4. If you still get nowhere, then write to the CQC with your concerns.
You should not have to be doing any of this btw and if you are not well enough to do it, then don't feel guilty.
I hope you get better soon xxx
My daughter was in hospital recently and the cleaners were working every day. Everything was cleaned, the beds had a bit to sign to say they'd been cleaned, the playroom and wipeable toys were cleaned - the place was spotless.
Not having the room cleaned is ridiculous - bodily fluids left uncleaned is a scandal.
I left nursing 6 years ago (after 20+ years) and the situation you describe was the same when I started training in the 80's and was the same when I left in 2006. Hospitals are filthy. Cleaning is non existent. It is shameful and dangerous. What was it Florence nightingale said "First, do the patient no harm"? No chance.
Sorry to be so critical but the vet I take my cat to is cleaner than most wards.
This is why a nurse found me in the toilet adjacent to my dad's single occupancy room with a pair of rubber gloves on and a big packet of anti-bacterial cleaning wipes. My dad's immune system was compromised due to his cancer treatment and the place was filthy. She told me she would get a cleaner along later in the afternoon to clean. I just carried on cleaning the bed frame and the floor of the room while she was talking, and told her that "later" could be too late. I cleaned every surface I could see.
I am a domestic, ask the nurse for the domestic supervisor number and ring them your self.
Better still ask to have infection control number.
If you are in a side room I automatically would assume you are barried nursing, so I would treat that room as if you had an infection, auto immune or at risk.
I would use 2 anticlore tablets per 1 litre of water.
Threads like this makes my blood boil, it is no need in 2013 for hospitals to be like this.
I worked Christmas Day and it was business as usual.
This was my experience of the hospitals in London when I lived there in the late 90's through mid 2000's. Disgustingly filthy. Feces, urine and blood on every surface was common place. I found myself stepping over dead pigeons to get into one hospital and even though I pointed it out to someone, they were still there when I came back days later. I saw cleaner hospitals in villages in Ethiopia and Eritrea.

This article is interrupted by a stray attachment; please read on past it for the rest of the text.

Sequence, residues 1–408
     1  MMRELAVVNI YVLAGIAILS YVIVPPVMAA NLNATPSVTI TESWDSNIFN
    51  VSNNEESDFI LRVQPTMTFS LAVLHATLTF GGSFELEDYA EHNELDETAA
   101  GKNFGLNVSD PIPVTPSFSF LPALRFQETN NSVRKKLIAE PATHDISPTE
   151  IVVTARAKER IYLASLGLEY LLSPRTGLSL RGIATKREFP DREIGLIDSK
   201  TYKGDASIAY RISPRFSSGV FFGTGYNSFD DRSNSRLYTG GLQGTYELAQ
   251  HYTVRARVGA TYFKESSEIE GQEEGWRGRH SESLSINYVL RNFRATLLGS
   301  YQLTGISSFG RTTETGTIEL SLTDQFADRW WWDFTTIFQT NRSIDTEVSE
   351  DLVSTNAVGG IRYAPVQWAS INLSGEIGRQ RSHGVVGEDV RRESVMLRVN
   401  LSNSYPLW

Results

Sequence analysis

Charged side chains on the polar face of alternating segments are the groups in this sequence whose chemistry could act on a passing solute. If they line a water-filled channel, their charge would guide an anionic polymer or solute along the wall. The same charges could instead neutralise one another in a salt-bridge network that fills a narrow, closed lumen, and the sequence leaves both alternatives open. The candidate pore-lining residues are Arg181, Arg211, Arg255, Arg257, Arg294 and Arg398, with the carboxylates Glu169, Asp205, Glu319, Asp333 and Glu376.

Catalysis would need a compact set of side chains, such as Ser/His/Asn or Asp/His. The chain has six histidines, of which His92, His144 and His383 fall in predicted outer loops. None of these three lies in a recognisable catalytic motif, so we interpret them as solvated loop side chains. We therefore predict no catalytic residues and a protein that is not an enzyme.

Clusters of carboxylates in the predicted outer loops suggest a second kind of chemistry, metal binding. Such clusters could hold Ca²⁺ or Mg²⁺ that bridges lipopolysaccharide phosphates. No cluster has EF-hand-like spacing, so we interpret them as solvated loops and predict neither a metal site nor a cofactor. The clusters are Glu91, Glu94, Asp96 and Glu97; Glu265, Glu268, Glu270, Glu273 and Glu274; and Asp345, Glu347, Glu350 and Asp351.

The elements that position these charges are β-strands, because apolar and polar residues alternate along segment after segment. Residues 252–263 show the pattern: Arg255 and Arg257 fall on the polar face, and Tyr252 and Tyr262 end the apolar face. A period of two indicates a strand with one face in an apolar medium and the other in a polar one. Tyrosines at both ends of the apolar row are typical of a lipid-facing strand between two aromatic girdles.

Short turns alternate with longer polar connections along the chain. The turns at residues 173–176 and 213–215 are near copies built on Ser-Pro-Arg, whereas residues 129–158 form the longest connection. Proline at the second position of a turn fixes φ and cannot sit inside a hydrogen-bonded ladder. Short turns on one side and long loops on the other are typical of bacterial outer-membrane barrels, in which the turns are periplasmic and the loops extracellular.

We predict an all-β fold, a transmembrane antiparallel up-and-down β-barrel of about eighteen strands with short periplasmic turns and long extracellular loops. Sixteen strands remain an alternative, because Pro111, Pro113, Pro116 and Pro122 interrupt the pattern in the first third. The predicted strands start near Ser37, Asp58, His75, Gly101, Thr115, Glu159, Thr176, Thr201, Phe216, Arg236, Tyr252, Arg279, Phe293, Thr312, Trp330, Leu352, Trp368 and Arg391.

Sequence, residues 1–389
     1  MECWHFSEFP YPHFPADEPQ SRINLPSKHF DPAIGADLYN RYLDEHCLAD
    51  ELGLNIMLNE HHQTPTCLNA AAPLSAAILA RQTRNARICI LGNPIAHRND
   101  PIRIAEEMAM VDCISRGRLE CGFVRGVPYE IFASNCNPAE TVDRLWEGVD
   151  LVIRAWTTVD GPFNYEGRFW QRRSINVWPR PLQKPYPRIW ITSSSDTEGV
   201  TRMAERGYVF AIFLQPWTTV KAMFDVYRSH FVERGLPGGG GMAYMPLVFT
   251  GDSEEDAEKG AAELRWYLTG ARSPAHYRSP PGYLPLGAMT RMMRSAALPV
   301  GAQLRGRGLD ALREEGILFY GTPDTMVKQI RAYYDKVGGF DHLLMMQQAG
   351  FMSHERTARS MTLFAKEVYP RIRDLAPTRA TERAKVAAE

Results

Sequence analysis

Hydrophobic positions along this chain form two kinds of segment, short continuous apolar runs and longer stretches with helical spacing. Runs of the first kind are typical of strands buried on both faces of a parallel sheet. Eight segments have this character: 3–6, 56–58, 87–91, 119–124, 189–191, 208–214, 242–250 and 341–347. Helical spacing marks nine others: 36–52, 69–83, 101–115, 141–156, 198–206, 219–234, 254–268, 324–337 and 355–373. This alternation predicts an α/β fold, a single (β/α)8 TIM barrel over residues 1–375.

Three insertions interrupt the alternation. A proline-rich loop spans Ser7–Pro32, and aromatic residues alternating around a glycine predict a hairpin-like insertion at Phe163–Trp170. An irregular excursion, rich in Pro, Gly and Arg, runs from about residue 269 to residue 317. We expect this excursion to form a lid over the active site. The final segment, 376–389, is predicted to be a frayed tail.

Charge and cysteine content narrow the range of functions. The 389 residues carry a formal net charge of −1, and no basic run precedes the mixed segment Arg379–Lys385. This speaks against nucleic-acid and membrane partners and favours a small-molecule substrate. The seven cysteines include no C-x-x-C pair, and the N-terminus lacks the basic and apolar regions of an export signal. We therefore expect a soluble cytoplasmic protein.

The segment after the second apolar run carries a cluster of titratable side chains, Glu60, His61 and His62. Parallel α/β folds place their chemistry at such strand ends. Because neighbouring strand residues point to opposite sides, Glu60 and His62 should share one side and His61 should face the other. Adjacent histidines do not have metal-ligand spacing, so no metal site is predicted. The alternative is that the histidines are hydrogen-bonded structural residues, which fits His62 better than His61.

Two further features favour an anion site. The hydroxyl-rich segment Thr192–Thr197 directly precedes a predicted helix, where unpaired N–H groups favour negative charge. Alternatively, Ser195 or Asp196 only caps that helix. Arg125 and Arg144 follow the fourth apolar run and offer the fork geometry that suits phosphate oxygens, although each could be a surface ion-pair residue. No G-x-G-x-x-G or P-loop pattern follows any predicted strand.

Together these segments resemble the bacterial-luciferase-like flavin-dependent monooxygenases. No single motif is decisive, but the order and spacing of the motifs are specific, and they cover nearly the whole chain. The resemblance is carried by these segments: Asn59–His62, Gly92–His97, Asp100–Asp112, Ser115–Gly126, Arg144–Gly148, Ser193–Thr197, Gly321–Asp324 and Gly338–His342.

Your room should be cleaned every day and certainly between patients!!! That is absolutely disgusting and I would say you are well within your rights to complain.
DS has a compromised immune system and spends a lot of time in hospital and I've had charge nurses question me about the standard of cleaning and make complaints to housekeeping because it's not been up to scratch.
I'm glad for you it's been done today but it should be done tomorrow as well.
Hope you're feeling better soon.
And everyone loves to look down on our medical system in the USA (which absolutely does have its faults), but I have never ever walked into a dirty hospital (or doctors office), even in the poorest parts of Los Angeles serving a mostly indigent population.
It is disgusting. My ds was in hospital for a routine operation a couple of years and the little girl in the next bed bled all over the floor when having a drip removed. Despite repeatedly mentioning the blood it was still there 48 hours later. There was a bed pan with urine and tissue in the toilet/shower cubicle that was left for approx 24 hours also.
Our local hospital is filthy too. I gave birth to ds1 13 years ago and was disgusted to see blood everywhere in the toilets and wards. I thought things might have changed recently but after using the toilets in the maternity units last week I'm pretty worried. I was desperate to use the toilet but I didn't want to touch anything in there. Wet tissue covered the floor and lots of other things I'd rather not remember. I'm honestly worried about giving birth in February in such a disgusting place. Surely it'd be safer at home.
Thank you for all your advice, it's very helpful.
I am in no state to have been making a lot of fuss- I had a burst appendix with slight blood poisoning as a result ( thankfullythey managed to get me into surgery very quickly so it didn't spread) and they foind dome cystswholst doing the surgery so I have been quite drugged up the whole time- still am. I was put on a morphine drip for the pain in the early afyernoon and then an hour later the nurse barged in saying that I have been discharged and to vacate tje bed asap. I was left there with no money trying to get a taxi to go home. Thank god my mum had enough cash on her to pay for the 20 mile fare. This has been one bizarre experience and I am certain to complaon once I am well enough to.
soory for the typos I'm still a bit dozy.